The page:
Note: This is a summarized version of a bigger comparison table. The larger version includes additional aspects that were omitted from this table because of their insignificant difference or importance and rated every aspect with a weighted 1-5 score (the weights represent the importance of a certain aspect concerning the use case).
As said before, these frameworks are almost identical. But when you take into account the business needs and technical requirements, we can say the React Native is a better fit at this time (Flutter will close this gap in a couple of years).
The most popular current choices in the industry for such use cases are .NET Core (Core), NodeJS (Node), and Python.
Note that while Core is a full all-in-one framework, Node and Python are not. Node is more of a runtime environment that web frameworks are based on. Python is an all-purpose programming language which has many frameworks for web development.
The frameworks that will be taken into consideration are Django for Python and ExpressJS For Node since they are the most popular frameworks.
We need to try and judge these techs without referring to a specific implementation (framework), but because of the heterogeneous comparison, we may need to rely on implementation standards driven by the community (popular frameworks). This doesn’t mean that we are locked to developing using the most popular framework.
Django is a very big framework, and great for developing enterprise applications. However, it will slow the initial development (more bloated) and is inferior in performance, for this it will lose out to Core and Node. Check this article for more information.
.NET Core is the new cross-platform framework that is replacing the .NET Framework. These are the differences between the two.
NodeJS vs .NET Core
- Callback hell
- Problem troubleshooting – stack traces are hard to understand in complex code
- Hard debugging – for several reasons:
- The nature of JS as async
- Callback hell
- Dynamic typing
- Code reuse & modularity problem – decoupling code becomes harder in JS (less natural)
- Type safety/Dynamic typing – is the cause of many problems in JS. It may be fun at first, but when writing piles of code, it is recommended that we make use of static typing.
Yet these problems don’t concern Core (C#) developers.
These issues were real in the past, but since new improvements were introduced to JS:
- Async/await mechanism (since Node v7.6 22/02/2017) – based on generator functions of JS. This article explains why callback hell, troubleshooting, and debugging are not a concern anymore.
- ES6+ fixed a variety of syntax issues with JS#https://webapplog.com/es6/.
- Typescript is a superset of JS that uses static typing and introduces “critical” OOP concepts to JS. The differences between ES6 and Typescript are explained here.
- Modularity problems are addressed in ES6 which is builtin in Node.
This article summarizes the differences between Core and Node (up-to-date).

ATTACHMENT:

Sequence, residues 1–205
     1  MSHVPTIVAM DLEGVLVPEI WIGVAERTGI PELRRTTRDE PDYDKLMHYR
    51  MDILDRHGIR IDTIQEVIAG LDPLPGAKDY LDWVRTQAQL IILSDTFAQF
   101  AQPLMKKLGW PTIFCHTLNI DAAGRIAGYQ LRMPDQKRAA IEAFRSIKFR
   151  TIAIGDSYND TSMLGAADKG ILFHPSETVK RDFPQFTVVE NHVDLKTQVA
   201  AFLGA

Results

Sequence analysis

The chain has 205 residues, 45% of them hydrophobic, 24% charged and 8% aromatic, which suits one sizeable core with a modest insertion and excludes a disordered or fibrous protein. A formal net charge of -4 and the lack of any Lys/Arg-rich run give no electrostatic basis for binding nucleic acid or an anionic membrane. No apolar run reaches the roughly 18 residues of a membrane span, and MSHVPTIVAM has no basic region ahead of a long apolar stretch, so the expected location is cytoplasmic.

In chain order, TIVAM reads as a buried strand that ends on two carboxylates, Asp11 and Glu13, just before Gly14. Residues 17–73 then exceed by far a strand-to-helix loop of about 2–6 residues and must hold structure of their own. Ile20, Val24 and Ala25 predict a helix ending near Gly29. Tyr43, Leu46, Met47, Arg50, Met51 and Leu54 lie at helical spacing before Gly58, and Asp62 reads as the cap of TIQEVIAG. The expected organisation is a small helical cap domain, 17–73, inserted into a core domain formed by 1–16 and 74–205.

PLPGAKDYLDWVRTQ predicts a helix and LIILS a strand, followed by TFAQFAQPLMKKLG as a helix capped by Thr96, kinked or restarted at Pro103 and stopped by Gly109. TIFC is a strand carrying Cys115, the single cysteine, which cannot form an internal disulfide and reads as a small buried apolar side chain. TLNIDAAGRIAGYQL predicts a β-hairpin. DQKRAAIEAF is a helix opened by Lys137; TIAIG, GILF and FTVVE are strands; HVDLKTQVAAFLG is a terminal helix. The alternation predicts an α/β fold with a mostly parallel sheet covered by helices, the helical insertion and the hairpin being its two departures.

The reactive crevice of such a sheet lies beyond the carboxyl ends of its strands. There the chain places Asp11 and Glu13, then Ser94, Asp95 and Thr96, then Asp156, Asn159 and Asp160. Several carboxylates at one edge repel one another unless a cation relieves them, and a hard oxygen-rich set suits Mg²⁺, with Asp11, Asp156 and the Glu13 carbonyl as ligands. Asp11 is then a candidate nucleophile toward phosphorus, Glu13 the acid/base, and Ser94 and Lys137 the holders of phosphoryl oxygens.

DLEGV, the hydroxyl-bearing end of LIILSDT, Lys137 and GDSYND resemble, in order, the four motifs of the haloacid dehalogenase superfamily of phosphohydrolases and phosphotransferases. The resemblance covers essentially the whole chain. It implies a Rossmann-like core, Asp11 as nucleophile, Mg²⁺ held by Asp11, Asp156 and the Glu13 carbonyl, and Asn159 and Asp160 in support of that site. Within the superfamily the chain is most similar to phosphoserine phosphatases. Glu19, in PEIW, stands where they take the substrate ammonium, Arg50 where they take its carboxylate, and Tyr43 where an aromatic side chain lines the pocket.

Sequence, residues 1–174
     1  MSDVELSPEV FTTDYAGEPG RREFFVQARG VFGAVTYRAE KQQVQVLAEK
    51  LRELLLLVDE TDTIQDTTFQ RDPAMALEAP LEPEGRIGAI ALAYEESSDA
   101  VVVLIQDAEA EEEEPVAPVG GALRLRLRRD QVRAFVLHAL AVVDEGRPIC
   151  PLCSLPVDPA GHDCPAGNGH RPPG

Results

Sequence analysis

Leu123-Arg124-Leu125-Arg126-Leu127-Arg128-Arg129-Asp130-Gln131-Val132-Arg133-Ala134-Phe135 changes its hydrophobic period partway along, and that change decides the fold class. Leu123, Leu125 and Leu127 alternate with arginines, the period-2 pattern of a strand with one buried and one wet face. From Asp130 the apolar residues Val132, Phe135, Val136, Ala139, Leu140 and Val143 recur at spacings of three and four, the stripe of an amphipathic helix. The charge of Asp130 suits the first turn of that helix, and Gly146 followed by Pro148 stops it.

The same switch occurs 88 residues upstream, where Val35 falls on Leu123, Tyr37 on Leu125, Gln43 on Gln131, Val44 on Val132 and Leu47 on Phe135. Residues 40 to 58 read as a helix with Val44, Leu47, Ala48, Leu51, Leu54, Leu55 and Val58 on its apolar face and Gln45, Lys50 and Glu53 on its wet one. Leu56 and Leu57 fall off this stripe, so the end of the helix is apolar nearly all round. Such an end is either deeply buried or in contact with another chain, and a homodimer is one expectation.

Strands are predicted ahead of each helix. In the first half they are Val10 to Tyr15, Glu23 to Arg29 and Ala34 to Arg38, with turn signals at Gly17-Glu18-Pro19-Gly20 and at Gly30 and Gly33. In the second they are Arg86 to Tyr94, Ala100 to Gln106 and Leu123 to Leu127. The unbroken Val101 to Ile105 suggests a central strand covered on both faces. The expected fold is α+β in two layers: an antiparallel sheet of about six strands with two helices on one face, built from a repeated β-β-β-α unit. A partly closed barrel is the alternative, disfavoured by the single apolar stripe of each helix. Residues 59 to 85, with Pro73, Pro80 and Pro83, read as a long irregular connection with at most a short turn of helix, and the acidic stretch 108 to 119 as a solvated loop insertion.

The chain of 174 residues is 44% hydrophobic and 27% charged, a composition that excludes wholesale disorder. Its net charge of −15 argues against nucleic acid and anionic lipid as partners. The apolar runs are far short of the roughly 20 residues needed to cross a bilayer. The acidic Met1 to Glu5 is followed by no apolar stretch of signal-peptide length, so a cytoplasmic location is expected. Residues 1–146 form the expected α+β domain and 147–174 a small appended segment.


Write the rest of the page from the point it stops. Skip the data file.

Main differences considering the use case
- Node is considered to be more minimal (with a small footprint) than Core.
- Frontend choice (React Native), gives some advantage to Node over Core; Since both are based on JS, code can be shared between frontend and backend.
- Node is easier to start small to medium apps while Core is better for medium to large apps.
- Npm, the package manager of Node, is a very powerful tool and is considered a big advantage over other frameworks (such as NuGet) and it has a vast library.
- .NET Core is more comfortable developing on Windows – Nuget is an example of a tool that is missing for development on Linux/Mac.
- Core performs better – a better fit for CPU intensive tasks (though I didn’t find a detailed benchmark with recent versions).
- Node is a more suitable fit for client interaction – more efficient when developing, take for example the straightforward routing mechanism that is in Node.
- Frameworks’ parallelism and scaling – see later.
This article elaborates more on the differences (written in 2017 – CI/CD is much more mature today for Core).
Scalability & performance
Almost identical; Core scales using multi-threading (single process), yet Node scales using multi-processes (with a single thread).
Almost identical in performance (if deployed correctly).
The main difference between the two scaling concepts can be an advantage/disadvantage:
- It is easier to develop on a single thread.
- Multithreading has shared memory which is more intuitive for development but makes it harder to decouple and leverage microservices concept.
Node is async by nature (JS) and Core is considered sync; All code in Node is run async, and whenever you need sync, you must declare it and use one of the mechanisms given by the language/framework. In contrast, all code in Core is sync, and when async is needed, you need to use multithreading development for the specific action. Asynchronicity is mainly relevant for IO blocking operations.
Another related difference is that Node is Event-driven and Core is not (has more flexibility choosing the architecture of the code, but will be more bloated to use as event-driven).
- For OOP developers – developing sync code is more intuitive.
- Async development is more appropriate for IO intensive & real-time applications (such as chats).
There is no one good choice, as we saw earlier, Node (more precisely JS) tackled all the problems it had (though it will take years to correct this reputation) and can be considered as equal as Core for enterprise applications. The decision is based merely on preference and future needs.
There are many examples of projects using Core and Node beside each other.
The best plan would be starting with Node, for faster development (and because MVPs usually have non-complex functionality), after that we can integrate Core for CPU-intensive functions and complex business logic. The architecture will be microservices-complaint using both frameworks.
What is right for me, maybe wrong for you. Always check if my basic assumptions apply to you.
Nevertheless, hope this opened your eyes to a more manageable and thoughtful path.